Dismiss Notice
Join Physics Forums Today!
The friendliest, high quality science and math community on the planet! Everyone who loves science is here!

Question in output transformer

  1. Sep 21, 2012 #1
    I am reading audio output transformers. This is a paragraph from RDH4 and I don't understand where the formula of [itex]L_0\;[/itex] come from. Please see attachment.
     

    Attached Files:

    • Tr2.PNG
      Tr2.PNG
      File size:
      19 KB
      Views:
      67
  2. jcsd
  3. Sep 21, 2012 #2

    uart

    User Avatar
    Science Advisor

    It looks like it's just [itex]L = \mu \mu_0 N^2 A/l[/itex] where [itex]\mu_0 \simeq 1.26 E-6[/itex] H/m is folded in with the conversion from meters to inches to give the combined constant of 3.2E-8.
     
    Last edited: Sep 21, 2012
  4. Sep 21, 2012 #3
    Thanks for the reply. What is the magnetic path l?

    [tex]L_0=\frac {3.2A\mu N^2}{10^8\times l}[/tex]

    Also where is 3.2EE2 come from. [itex]\mu_0\;[/itex]=1.256EE-6 won't get 3.2EE2.

    Thanks

    Alsn
     
    Last edited: Sep 21, 2012
  5. Sep 21, 2012 #4

    uart

    User Avatar
    Science Advisor

    No, the geometric factor A/l just has units of length. In SI units you use m^2 and m to give A/l in meters. Then of course you use [itex]\mu_0[/itex] in H/m (1.26E-6 H/m).

    If however you use inches for A/l then you'll need [itex]\mu_0[/itex] in H/in, so approx divided by 39.4 to give 3.2E-8
     
  6. Sep 21, 2012 #5
    Thanks, so it's just going from meter to inches.

    So what is the path length [itesx]l[/itex]? It was given 4.5 inches, where is this come from? Is this the length of the coil?
     
  7. Sep 21, 2012 #6

    uart

    User Avatar
    Science Advisor

    Yeah, it's the mean flux path length. :smile:
     
  8. Sep 21, 2012 #7
    Thanks Uart, you are of big help.
     
  9. Sep 21, 2012 #8
    Actually I have another question:

    We know for solenoid, [itex]B=\mu_0\mu n I\;\hbox{ where n is number of turns per unit length.}[/itex]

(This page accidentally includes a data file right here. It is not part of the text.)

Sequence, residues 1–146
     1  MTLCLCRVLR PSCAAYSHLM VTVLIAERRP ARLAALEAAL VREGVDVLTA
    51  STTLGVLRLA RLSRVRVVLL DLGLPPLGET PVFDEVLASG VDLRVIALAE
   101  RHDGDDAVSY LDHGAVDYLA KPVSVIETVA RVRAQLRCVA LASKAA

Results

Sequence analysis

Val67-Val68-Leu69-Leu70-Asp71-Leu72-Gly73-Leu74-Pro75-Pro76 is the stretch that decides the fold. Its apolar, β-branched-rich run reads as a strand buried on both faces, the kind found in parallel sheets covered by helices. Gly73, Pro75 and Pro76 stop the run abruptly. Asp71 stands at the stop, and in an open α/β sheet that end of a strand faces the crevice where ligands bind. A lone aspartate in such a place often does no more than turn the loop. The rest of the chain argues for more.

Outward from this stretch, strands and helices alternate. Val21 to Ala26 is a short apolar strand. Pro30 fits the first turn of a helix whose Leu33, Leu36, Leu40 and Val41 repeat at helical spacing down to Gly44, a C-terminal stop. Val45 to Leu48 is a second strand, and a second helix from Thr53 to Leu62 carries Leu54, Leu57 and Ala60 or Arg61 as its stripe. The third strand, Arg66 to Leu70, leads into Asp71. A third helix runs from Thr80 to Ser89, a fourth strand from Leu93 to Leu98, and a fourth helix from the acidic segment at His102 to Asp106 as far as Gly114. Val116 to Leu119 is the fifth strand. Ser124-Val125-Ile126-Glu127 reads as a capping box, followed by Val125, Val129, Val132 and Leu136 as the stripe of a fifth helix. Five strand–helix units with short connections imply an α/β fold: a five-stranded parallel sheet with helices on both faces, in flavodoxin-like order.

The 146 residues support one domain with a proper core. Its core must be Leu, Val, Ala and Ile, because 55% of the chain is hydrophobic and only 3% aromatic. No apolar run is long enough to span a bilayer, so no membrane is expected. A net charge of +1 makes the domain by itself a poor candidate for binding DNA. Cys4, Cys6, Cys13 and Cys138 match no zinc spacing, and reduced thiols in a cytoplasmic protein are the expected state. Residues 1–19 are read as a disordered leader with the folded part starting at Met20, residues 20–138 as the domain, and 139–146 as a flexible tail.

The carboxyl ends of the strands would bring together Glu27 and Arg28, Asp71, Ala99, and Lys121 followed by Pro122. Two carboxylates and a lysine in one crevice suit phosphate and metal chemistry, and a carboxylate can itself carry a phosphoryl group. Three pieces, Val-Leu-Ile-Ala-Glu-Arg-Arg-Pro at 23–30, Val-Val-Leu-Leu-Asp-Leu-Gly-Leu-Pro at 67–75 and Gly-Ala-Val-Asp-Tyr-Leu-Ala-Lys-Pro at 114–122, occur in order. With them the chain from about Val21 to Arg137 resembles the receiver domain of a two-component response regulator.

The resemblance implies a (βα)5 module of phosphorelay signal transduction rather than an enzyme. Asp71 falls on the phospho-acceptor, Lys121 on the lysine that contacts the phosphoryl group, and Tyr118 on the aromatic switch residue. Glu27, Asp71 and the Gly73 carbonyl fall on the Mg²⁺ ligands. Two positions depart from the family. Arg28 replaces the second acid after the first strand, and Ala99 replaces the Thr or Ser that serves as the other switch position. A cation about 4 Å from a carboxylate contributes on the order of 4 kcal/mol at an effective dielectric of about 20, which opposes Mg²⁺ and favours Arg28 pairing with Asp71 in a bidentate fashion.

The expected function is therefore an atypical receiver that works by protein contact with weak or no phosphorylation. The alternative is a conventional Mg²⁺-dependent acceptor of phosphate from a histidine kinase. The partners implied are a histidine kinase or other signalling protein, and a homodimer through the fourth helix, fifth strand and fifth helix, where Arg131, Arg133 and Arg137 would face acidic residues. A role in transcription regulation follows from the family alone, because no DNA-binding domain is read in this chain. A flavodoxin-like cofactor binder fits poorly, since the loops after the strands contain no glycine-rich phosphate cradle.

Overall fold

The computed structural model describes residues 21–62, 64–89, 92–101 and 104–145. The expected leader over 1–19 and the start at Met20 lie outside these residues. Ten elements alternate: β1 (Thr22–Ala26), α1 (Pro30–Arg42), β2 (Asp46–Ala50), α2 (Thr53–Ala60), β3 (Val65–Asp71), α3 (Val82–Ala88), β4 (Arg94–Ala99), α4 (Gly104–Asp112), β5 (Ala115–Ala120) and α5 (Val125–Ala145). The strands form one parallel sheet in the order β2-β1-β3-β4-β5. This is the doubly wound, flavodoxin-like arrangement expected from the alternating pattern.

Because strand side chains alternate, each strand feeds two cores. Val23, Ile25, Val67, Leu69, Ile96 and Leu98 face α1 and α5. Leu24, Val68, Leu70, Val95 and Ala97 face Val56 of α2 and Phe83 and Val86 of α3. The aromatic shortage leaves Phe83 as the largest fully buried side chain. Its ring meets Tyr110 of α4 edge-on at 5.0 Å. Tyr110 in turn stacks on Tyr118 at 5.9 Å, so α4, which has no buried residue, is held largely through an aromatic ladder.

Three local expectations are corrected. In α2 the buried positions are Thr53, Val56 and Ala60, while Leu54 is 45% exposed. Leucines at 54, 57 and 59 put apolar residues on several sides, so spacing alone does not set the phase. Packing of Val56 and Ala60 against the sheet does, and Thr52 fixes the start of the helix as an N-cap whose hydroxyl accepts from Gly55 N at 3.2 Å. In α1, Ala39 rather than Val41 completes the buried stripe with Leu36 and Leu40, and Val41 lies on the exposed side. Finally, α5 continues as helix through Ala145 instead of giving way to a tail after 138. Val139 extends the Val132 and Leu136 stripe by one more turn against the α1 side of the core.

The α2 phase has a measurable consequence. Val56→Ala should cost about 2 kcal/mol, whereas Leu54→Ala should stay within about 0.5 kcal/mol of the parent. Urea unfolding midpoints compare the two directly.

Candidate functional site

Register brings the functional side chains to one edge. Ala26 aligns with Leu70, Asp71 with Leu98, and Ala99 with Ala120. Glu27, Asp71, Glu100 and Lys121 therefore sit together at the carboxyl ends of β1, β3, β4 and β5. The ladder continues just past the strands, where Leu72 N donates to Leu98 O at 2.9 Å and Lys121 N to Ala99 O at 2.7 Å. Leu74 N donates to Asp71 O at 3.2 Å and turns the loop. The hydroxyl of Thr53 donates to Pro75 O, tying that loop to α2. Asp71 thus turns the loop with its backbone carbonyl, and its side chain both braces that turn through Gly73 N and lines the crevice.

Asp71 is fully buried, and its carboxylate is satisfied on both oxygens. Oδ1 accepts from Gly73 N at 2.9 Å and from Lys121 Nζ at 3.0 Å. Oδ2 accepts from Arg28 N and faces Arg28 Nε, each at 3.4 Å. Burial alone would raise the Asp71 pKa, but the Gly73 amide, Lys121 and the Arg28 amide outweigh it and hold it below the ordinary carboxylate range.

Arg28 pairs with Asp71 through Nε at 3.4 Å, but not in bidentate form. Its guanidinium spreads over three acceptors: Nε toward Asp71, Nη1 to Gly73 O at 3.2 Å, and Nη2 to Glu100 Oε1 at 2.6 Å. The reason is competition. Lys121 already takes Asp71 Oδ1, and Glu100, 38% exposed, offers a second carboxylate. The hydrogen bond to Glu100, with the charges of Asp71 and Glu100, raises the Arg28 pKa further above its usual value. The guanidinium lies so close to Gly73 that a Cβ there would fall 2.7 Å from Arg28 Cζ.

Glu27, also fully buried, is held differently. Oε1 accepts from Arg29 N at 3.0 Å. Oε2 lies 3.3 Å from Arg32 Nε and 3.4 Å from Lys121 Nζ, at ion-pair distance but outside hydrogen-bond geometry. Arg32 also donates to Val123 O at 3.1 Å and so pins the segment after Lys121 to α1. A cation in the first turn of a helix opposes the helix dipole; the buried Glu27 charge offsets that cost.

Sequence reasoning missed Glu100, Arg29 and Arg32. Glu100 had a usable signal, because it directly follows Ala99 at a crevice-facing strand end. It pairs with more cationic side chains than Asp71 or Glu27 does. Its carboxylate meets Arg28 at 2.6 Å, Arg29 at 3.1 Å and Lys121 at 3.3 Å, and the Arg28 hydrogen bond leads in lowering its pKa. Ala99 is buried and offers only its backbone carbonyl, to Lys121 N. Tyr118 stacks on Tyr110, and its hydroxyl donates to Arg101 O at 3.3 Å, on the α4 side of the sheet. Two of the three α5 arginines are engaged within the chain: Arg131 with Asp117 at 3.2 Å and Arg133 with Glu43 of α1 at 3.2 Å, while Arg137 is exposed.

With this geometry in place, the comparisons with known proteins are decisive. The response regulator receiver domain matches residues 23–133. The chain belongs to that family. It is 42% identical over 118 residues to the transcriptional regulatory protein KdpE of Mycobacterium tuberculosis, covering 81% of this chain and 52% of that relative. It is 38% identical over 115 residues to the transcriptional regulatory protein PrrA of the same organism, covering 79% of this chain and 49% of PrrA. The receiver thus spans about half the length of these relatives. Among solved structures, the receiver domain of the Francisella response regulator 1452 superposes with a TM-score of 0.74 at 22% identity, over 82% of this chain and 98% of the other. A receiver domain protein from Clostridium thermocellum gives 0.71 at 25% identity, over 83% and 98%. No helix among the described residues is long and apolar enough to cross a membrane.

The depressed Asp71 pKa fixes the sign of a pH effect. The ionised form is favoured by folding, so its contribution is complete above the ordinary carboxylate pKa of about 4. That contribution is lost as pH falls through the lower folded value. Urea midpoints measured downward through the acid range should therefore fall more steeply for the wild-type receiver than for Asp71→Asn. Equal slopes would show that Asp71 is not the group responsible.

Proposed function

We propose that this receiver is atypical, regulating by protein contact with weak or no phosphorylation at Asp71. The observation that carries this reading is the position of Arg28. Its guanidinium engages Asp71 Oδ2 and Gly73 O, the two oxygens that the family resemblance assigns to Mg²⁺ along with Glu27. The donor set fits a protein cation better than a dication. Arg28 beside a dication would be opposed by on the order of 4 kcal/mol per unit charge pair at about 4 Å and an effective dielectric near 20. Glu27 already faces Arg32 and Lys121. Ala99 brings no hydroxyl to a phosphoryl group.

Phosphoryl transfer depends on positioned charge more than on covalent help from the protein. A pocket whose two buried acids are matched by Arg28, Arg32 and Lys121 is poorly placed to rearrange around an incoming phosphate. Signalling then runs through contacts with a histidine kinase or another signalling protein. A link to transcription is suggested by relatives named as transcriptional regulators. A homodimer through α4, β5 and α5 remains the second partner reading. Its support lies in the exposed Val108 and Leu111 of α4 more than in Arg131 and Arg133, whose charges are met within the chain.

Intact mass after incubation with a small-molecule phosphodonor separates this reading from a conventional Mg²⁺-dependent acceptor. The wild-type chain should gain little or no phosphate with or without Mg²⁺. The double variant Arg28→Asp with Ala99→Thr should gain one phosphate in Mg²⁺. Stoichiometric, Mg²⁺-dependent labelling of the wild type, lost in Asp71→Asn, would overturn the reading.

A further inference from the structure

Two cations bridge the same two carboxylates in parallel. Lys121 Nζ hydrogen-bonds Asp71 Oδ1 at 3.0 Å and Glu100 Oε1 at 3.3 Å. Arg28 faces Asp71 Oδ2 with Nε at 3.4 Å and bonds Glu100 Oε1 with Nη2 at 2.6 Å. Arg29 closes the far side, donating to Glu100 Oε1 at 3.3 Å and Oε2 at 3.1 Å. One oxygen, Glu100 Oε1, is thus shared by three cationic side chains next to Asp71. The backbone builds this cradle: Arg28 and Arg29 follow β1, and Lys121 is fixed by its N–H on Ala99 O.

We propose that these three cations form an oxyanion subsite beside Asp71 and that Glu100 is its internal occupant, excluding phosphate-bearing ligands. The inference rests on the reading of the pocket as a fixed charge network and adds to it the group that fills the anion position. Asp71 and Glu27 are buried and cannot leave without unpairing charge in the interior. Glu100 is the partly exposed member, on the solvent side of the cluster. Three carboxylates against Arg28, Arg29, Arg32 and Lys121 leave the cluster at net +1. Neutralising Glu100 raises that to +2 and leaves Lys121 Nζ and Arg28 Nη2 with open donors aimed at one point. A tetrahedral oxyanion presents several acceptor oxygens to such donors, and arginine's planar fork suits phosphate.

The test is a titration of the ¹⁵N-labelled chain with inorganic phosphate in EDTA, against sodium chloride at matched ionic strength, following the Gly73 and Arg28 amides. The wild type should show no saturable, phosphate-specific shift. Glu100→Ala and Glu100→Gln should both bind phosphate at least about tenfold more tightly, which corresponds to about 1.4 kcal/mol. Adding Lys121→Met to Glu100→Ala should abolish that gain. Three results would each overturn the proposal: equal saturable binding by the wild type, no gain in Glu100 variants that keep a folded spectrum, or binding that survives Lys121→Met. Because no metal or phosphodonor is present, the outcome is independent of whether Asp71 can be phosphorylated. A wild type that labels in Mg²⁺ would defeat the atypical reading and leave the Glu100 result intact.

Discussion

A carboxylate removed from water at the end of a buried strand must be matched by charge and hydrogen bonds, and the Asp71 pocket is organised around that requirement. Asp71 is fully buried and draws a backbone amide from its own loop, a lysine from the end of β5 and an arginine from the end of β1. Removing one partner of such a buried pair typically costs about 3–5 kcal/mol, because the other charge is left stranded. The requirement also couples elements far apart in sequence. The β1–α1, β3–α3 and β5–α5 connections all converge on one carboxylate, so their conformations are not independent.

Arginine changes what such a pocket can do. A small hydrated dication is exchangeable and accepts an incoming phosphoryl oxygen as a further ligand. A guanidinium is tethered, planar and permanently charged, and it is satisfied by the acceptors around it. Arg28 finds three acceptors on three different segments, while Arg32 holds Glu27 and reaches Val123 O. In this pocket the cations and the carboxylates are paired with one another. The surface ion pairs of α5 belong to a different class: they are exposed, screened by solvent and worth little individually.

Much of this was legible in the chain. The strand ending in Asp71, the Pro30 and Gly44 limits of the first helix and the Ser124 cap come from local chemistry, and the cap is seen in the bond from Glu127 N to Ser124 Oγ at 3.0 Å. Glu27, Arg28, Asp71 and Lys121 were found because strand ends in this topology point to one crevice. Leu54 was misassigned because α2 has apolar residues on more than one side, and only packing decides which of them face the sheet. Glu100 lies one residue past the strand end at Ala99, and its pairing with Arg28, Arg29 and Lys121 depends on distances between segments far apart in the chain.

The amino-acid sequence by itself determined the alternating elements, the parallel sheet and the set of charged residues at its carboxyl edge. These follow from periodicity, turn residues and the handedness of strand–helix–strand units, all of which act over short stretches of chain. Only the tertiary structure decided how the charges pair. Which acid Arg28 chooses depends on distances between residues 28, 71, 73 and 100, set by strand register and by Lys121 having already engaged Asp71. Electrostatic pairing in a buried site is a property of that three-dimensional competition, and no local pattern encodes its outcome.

So [itex] L=\mu_0\mu n^2 A \;\hbox{ where A is the cross section area of the solenoid.}[/itex]

    The equation in the article, N is the total number of turns in the given length. so:

    [tex]n=\frac N l\;\Rightarrow\; n^2=\frac {N^2}{l^2}[/tex]

    With that [itex]L_0\;[/itex] should be:

    [tex] L_0= \frac {3.2A \mu_0\mu}{10^8}\frac{N^2}{l^2}\;\hbox{ instead of }\;L_0= \frac {3.2A \mu_0\mu}{10^8}\frac{N^2}{l}[/tex]
     
  10. Sep 21, 2012 #9

    uart

    User Avatar
    Science Advisor

    No, the equation you post for the solenoid is not for the total inductance, it is for the inductance per unit length. It should read :

    [tex]\frac{L}{l}=\mu_0\mu n^2 A [/tex]
     
  11. Sep 21, 2012 #10
    Thanks, do you go to sleep? I put in my sleeping in between these posts and you're still here!!!

    So basically the total inductance is take the inductance per unit length times the length:

    [tex] L_0= \frac {3.2A \mu_0\mu}{10^8}\frac{N^2}{l^2} \times l \Rightarrow \; L_0= \frac {3.2A \mu_0\mu}{10^8}\frac{N^2}{l}[/tex]
     
  12. Sep 21, 2012 #11
    I have a different question, below is the equivalent circuit from the book: The first image is the part in question about the input impedance. The middle picture is the equivalent circuit at different frequency from the book.

    The last picture on the right is my equivalent circuit. The top is the equivalent circuit of the real transformer.
    (1) is the equivalent circuit refer to the primary.
    (2) is the low frequency equivalent.
    (3) is the equation of RA using my equivalent circuit which is different from the book in the first image.
    (4) is the high frequency equivalent.

    As you can see, the way I draw the equivalent circuit is different from the book, I don't think I can agree with the derivation of the book in the first image on the left. Even the equivalent circuit from the book Handbook of Transformer Design and Application by Flanagan and Wikipedia agree with me as in (1) of my drawing:

    http://en.wikipedia.org/wiki/Transformer
     

    Attached Files:

    Last edited: Sep 21, 2012
  13. Sep 21, 2012 #12
    Anyone?
     
Know someone interested in this topic? Share this thread via Reddit, Google+, Twitter, or Facebook




Similar Discussions: Question in output transformer
Loading...